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Hernias 101 - What Is a Hernia and What Can Cause One?

Hernia written on a chalk board

With plans for spring cleaning, remodeling, and other ambitious projects on the horizon, the possibility of heavy lifting being a part of those plans is certain. Along with the risk of back injury, many people may suffer from a hernia. Hernia? Isn't that limited to athletes and old people? Hernias occur more often than you may think. Having a better understanding of this condition and the repercussions of a hernia will shed light on this sometimes painful and surprisingly prevalent condition.

Types of Hernias

The most common type of hernia is abdominal, and the variations depend on its location: according to the American Hernia Society, umbilical hernias appear around the navel; inguinal hernias occur near the creases where the abdomen and the upper thighs meet; and incisional hernias occur after surgery at the site of the incision.

In other words, everyone is at risk of getting a hernia.

Experts estimate that over one million surgeries are performed each year to repair an abdominal wall hernia, which is described as a tear or a hole in the body's tissue which allows another body part to protrude, causing a bulge. "Patients may have pain or discomfort from this condition, or it may not become painful until the patient coughs, sneezes, or lifts something," says Daniel J. Vargo, MD, with University of Utah Health's General Surgery Services.

Although men are more likely to use a hernia as an excuse for spending all day on the couch, research shows that abdominal hernias occur equally, if not more often, in women.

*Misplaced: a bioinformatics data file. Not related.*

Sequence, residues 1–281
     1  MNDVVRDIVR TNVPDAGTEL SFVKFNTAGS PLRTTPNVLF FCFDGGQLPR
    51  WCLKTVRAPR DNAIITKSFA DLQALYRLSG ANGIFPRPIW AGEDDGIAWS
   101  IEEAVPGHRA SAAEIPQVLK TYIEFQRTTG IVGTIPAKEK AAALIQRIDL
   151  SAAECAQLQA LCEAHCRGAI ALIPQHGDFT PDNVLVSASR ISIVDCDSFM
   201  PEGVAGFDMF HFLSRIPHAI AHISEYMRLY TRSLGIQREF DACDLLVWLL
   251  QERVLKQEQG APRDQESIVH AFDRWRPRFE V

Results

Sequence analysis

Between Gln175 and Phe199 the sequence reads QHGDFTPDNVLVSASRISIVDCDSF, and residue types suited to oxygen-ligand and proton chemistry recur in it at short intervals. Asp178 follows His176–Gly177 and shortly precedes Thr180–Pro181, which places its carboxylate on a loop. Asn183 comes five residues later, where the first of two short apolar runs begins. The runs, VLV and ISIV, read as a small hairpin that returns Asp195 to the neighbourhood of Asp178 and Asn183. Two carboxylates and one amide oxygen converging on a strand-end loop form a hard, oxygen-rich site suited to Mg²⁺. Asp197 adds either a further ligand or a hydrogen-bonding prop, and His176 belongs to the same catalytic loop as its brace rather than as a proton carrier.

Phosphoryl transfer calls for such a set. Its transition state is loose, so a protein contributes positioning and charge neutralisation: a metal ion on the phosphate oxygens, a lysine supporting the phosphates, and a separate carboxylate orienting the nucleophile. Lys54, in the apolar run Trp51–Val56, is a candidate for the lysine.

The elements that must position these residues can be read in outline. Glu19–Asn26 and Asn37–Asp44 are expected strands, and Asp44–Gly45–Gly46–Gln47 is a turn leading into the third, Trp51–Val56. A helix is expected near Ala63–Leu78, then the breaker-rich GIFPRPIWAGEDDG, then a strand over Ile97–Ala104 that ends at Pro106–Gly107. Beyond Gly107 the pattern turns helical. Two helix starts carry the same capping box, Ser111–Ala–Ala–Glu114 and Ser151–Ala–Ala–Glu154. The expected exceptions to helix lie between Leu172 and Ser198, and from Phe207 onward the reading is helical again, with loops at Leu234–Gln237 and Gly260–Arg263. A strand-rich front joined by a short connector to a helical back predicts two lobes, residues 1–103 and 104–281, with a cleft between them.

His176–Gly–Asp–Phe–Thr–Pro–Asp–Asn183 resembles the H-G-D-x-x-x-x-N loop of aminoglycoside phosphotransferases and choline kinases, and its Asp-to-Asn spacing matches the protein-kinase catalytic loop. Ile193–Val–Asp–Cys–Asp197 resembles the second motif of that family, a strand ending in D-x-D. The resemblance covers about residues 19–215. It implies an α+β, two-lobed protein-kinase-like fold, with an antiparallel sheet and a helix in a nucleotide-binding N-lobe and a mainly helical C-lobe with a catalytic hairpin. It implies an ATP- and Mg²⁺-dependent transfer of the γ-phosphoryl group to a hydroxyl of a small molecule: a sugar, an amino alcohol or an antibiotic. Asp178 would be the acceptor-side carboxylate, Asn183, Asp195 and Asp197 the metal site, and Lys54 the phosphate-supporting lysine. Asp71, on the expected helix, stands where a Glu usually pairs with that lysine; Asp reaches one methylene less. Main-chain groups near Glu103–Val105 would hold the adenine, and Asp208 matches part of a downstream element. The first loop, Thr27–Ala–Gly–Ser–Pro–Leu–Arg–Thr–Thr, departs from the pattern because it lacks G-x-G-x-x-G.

Common Hernia Causes

  1. Obesity—Those extra pounds increase the strain and weaken your abdominal muscles, making them more prone to developing a hernia.
  2. Family History—Although family history may not guarantee a hernia, research shows it is a reliable predictor of one occurring.
  3. Pregnancy—The risk is small, but studies show that pregnancy is associated with an increase in the risk of hernia recurrence.
  4. Constipation—The constant strain may cause a portion of your intestine to get trapped in the abdominal wall. This can lead to some painful problems with the bowel. If bowel movements are a struggle, see a doctor.
  5. Chronic Cough—Often associated with the effects of smoking, constant coughing weakens the abdominal wall.
  6. Injury—Most sports-related hernias occur in the groin and don't appear as a bulge. But if left untreated, it can evolve into an inguinal hernia.

Surgery is a common treatment, but Vargo says that he has seen many cases where surgery wasn't required. "Not everyone with a hernia needs to have it fixed because it isn't affecting daily activity," says Vargo. "But if you have pain, surgery is recommended."

Tips to Decrease the Risk of a Hernia

  1. Maintain a healthy weight. Rapid weight loss and weight gain place pressure on the abdominal wall.
  2. Don't smoke.
  3. Change lifting stance. Lift with the legs, not the back.
  4. Change your diet to improve bowel movements.

It’s tempting to make light of the things that happen “down there.” But the truth is that hernias are serious and often painful conditions. If you are suffering from discomfort or abdominal pain, talk with your doctor about the possibility of a hernia. The treatment is easy, and the result is a satisfying, pain-free life.